“Swish!” exclaimed Mr. Clement, the referee and announcer for the game, as the Jags scored, tying up the game.

As the first quarter came to an end, Home read ten and the Tigers were in the lead with twelve points. As the game transitioned into the second quarter, the GAHS Pep Band played to rally spirit within the players and the crowd.

Fellow senior Olivia Baugham was excited to hear the pep band, and she also was “interested in seeing the cheer team.”

In the second quarter, player #5 from the Tigers quickly makes the first shot, but the Jags do not lose spirit. Jag #20 makes a standing shot, causing a roar from the crowd. The quarter ends with an attempt at a 3-pointer from the Tigers, but the buzzer rings in, evening the score at 26 to 26.

At halftime, the Cupid Shuffle plays and everyone in the stands is encouraged to come onto the court and dance. The gym floor was filled with Jaguars and Tigers, dancing together and celebrating.

The third quarter begins with an epic 3-pointer by Jag #22, but the Tigers responded quickly. Our Jags had a quick team meeting to regroup, while the cheer team performed flips and stunts to hype up the crowd.

Going into the fourth quarter, Jag #3 played a determined game, scoring consecutively.

“Back and forth, back and forth,” Mr. Clement said, reflecting on the tied-up score.

At 1:30 in the fourth quarter, the Jags broke the 50-point line, followed quickly by the Tigers.

The exciting first All-Star game of the season ended in a tie of 59 to 59, concluding a close game between the Jaguars and the Tigers.

First Ever Poetry Cafe Slams Glen Allen

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Students attending the poetry café were welcome to a variety of food before and during the poetry readings. Food was provided by Mr. Tolbert, who cooked the cupcakes and pigs in a blanket featured above, as well as Literary Magazine students, who cooked the brownies and other foods above. Picture taken by Morgan Deckert.

On February 14th, Glen Allen had its first poetry café of the 2017-2018 school year. All students were invited to attend in the library during J-Step for snacks, entertainment, and a chance to share their work with an enthusiastic audience.

Created by English teacher Mr. Tolbert, the poetry café is a way for students to have freedom of expression and an outlet for their creativity while simultaneously being introduced to new styles of writing and developing their writing skills.

Glen Allen’s Literary Magazine also helped create and host the event, members bringing in food and organizing the event. Additionally, all students who submitted and/or read their poetry were urged to submit their creation to the Literary Magazine to potentially be published in the 2017-2018 edition. This year’s Literary Magazine theme is “UnchARTed.”

Students eagerly wait for the poetry café to begin. Although many students were originally nervous to share their poems, the positive energy of their fellow students soon allowed them to share without fear. Picture taken by Morgan Deckert.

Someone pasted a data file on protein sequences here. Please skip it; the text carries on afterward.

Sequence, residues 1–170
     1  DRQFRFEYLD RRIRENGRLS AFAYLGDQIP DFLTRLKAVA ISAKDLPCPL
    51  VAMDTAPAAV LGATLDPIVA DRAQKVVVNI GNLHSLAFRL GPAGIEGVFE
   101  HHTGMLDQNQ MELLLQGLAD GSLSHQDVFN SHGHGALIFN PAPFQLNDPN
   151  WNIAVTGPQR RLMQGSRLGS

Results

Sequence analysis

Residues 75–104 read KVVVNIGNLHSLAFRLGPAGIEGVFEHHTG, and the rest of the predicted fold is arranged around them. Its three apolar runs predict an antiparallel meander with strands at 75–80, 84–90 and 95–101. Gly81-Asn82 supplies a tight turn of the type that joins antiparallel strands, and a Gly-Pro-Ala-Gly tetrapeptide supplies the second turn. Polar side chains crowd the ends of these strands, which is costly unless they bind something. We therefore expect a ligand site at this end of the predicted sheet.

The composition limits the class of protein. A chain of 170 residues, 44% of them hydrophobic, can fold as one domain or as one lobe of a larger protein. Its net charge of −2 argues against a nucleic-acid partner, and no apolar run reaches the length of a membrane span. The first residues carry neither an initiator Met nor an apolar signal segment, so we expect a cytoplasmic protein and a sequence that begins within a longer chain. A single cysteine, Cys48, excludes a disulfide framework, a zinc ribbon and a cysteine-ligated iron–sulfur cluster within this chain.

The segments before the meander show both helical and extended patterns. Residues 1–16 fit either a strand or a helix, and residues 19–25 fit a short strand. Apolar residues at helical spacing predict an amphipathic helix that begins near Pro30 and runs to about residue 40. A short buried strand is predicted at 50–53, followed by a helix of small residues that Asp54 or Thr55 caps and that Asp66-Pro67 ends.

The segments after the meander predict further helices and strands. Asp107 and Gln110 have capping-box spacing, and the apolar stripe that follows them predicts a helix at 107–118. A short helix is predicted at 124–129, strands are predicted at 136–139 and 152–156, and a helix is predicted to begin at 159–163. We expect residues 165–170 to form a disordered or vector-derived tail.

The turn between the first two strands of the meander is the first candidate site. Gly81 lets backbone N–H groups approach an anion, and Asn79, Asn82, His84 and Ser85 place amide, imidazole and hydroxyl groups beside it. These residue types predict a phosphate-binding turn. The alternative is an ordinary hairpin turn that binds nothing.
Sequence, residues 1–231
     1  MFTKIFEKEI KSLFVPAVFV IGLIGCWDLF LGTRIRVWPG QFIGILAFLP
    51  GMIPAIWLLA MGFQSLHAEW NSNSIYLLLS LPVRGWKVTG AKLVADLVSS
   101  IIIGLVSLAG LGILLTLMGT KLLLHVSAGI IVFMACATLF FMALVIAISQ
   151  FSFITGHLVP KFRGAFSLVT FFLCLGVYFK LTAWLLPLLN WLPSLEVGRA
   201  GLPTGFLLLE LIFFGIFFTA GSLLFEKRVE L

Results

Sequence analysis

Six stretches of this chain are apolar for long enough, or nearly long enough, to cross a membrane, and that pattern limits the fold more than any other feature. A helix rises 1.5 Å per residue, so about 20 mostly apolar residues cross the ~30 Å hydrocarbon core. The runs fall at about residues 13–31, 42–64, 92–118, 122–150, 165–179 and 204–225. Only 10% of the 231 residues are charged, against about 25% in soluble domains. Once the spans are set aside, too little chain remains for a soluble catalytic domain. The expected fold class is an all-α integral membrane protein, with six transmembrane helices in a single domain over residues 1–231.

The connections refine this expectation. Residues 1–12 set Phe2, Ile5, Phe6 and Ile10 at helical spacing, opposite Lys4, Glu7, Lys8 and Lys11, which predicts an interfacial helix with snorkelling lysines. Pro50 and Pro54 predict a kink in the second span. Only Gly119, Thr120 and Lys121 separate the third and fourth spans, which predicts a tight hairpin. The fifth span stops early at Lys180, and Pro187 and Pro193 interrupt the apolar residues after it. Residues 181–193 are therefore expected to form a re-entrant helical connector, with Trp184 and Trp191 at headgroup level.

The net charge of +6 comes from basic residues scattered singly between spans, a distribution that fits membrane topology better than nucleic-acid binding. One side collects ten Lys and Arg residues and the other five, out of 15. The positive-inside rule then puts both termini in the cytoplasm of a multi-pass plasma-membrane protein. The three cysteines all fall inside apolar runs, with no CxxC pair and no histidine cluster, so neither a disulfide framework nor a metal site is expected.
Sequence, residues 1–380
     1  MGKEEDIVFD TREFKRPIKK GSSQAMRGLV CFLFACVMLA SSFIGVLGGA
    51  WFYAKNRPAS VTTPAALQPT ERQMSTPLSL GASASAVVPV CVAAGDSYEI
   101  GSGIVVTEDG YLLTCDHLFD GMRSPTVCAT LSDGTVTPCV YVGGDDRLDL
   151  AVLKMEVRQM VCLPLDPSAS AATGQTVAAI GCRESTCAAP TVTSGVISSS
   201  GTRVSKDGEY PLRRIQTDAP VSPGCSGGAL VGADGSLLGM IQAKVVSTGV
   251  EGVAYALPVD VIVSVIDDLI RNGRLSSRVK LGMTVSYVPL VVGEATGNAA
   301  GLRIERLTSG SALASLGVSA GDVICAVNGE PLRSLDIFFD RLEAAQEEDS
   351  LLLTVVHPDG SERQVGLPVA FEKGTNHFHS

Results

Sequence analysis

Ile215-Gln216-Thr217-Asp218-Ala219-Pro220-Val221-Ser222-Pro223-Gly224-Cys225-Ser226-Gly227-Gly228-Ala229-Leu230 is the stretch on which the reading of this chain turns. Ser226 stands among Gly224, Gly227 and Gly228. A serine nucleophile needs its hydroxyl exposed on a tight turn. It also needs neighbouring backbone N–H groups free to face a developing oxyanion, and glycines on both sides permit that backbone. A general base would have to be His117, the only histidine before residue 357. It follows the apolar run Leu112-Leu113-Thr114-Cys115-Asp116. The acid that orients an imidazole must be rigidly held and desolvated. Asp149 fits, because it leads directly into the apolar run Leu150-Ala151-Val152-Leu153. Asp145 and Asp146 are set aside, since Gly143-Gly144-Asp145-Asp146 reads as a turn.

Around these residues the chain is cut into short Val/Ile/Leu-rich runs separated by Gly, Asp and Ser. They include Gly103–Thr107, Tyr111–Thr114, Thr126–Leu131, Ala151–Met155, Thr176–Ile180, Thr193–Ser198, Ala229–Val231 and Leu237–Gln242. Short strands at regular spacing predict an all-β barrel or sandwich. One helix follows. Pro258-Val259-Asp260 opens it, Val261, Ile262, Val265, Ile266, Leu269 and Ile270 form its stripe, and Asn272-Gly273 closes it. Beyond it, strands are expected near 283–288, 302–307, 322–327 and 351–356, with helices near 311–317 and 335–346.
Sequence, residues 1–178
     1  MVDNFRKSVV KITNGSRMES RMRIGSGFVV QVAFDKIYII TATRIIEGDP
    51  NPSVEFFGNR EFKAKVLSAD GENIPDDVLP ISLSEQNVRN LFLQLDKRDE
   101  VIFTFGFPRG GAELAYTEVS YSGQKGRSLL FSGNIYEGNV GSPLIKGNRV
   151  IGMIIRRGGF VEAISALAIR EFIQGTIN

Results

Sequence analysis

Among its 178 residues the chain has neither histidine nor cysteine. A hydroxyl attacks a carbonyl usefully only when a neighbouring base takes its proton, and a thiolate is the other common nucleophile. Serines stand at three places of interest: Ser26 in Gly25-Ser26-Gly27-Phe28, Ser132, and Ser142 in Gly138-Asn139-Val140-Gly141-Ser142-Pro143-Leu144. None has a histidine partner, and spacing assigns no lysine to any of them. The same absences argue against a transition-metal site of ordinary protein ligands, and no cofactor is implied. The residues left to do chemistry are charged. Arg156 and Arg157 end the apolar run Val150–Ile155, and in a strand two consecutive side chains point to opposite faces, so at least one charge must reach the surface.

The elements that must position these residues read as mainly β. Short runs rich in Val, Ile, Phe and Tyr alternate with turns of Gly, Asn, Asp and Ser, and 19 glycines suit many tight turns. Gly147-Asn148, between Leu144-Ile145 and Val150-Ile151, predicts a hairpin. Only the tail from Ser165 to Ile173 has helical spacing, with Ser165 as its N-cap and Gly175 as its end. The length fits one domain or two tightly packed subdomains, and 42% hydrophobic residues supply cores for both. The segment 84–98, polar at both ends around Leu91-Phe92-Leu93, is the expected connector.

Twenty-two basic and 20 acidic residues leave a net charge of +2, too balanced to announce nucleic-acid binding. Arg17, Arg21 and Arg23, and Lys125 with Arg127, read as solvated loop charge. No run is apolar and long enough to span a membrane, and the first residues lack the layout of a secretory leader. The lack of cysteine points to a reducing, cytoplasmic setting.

Each month will be centered around a certain format of poetry, this month being villanelles. Villanelles are nineteen-line poems with two repeating rhymes and two refrains. The first and third lines of the opening tercet are repeated alternately in the last lines of the succeeding stanzas and, in the final stanza, the refrain serves as the poem’s two concluding lines. However, students were also welcome to share poems that did not revolve around this particular structure, and many did.

Students and teachers around the school showed their support for the poetry café. Students, particularly those part of the Literary Magazine, enthusiastically advertised the event to students. Additionally, many teachers offered students extra credit opportunities to create poems and share them at

Mr. Tolbert introduces the poetry café to students. He even wrote and shared his own villanelle with the poetry café. Picture taken by Morgan Deckert.

the poetry café. Mr. Tolbert offered extra credit to his English classes if they created and presented a villanelle at the event. Similarly, Spanish teacher Ms. Lemco allowed her AP Spanish V students to write poems (an English and Spanish translation) and present them at the café for extra credit, which added to the diversity and enrichment of the event, as well as the fun.

Plans are already in the work for next month’s poetry reading, the “poem of the month” being sonnets. Sonnets are poems with fourteen lines that follow any of a number of formal rhyme schemes, and typically follow iambic pentameter (ten syllables per line) All students are welcome and urged to participate, sonnet or otherwise!

 

Ideas Worth Spreading, Lessons Worth Learning: Center for Education Students Give TED Talks

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Raise your hand… Studies show… There are three things… Remember this…

Phrases that teachers regularly, casually proclaim gained a powerful new meaning on the lips of students. And on January 23, students had an opportunity to speak out. For choosing happiness, for the #MeToo movement, against cell phone addiction and against stigmatization. Twenty-six juniors experienced their ten minutes of fame, greeted by (mostly) eager ears and (mostly) open eyes.

But the beneficiaries of this spirited celebration of ideas weren’t solely the spectators; the students themselves were transformed by the extensive preparation process.

Before the first TED Talk of the day, Center for Education students set up the auditorium and practice their speeches. In preparation, they wrote a research paper and gave a one-minute preview of their talk to their teacher, Mrs. Ennis. Photo Credit: Cassie Coughlan